Just days after the Charlie Hebdo attack in Paris, a band of five young immigrants desecrated a statue of the Virgin Mary at the parish of San Barnaba in the Italian city of Perugia, breaking it and urinating on it.
The pastor of the church, Father Alessandro Scarda, said that the vandals broke the statue in two and began “kicking it like a soccer ball,” after which they “urinated on the two pieces, which were later recovered, cleaned and glued.” The statuette has been returned to its grotto, a site where locals often gather in prayer.
When the youths arrived, a man was praying at the foot of the statue, holding the photo of his deceased wife. The assailants ripped the photo from his hand before turning on the statue of the “Madonnina.”
According to eyewitnesses, the act of vandalism was perpetrated by “a small group of people of North African origin,” though the culprits are still at large and have not been identified.
The witness who observed the act of desecration immediately called the police, but when officers arrived the youths had already fled.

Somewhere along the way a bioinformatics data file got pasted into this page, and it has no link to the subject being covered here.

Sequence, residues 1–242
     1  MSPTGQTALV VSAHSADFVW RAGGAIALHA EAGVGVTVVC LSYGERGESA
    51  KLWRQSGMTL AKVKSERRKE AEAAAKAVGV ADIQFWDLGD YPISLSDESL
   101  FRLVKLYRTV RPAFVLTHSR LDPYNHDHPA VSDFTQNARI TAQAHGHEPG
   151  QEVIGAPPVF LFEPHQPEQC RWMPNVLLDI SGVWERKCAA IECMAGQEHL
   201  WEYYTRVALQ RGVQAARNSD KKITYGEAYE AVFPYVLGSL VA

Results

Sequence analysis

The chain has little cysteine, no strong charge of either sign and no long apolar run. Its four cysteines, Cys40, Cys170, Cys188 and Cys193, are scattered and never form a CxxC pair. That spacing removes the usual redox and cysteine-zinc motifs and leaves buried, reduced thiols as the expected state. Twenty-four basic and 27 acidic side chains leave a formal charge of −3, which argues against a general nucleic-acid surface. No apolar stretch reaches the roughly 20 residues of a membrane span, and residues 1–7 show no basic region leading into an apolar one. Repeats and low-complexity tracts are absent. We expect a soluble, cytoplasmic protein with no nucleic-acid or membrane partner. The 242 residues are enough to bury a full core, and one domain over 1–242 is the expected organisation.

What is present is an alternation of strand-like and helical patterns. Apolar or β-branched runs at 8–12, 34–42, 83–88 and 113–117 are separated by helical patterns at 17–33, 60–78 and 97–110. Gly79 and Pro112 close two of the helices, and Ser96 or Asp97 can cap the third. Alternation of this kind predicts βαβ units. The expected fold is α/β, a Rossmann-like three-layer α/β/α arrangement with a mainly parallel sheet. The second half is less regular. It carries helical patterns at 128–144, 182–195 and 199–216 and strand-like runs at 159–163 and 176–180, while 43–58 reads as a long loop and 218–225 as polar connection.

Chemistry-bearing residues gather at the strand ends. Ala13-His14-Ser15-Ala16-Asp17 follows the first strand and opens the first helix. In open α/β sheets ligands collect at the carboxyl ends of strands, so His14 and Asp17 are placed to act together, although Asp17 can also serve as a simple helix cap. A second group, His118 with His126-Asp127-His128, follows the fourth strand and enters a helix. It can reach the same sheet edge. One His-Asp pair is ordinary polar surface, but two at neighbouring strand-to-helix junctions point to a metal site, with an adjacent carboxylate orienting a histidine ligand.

The local bishop hastened to disassociate these acts from religiously motivated violence. “We must condemn these acts of vandalism,” he said, “but we will not attribute meaning to them that do not have,” though he also acknowledged other recent “episodes of intolerance towards Christians of our city.”
“We cannot attribute this act of vandalism,” he said, “to religious hatred.” The bishop stressed the importance of not feeding “mutual distrust” between Muslims and Christians. He also suggested that the vandals may not have been religiously motivated because “Muslim believers pray to and venerate the Virgin Mary.”
“We must recognize that for Islam the figure of Mary is very important: she is the Mother of the Prophet Jesus conceived in virginity” and is considered “the most holy woman also by the Muslims,” he said.
Some locals have criticized Pope Francis for appeasing immigrants—mostly Muslims—and denying the dangers of religiously motivated violence.
On Wednesday morning, however, Francis vehemently condemned “the brutality towards Christians, children and churches” carried out in Niger in recent days.
“Let us pray,” he said, that “religious sentiment may never become an occasion of violence, oppression and destruction. You cannot make war in the name of God!”
Follow Thomas D. Williams on Twitter @tdwilliamsrome.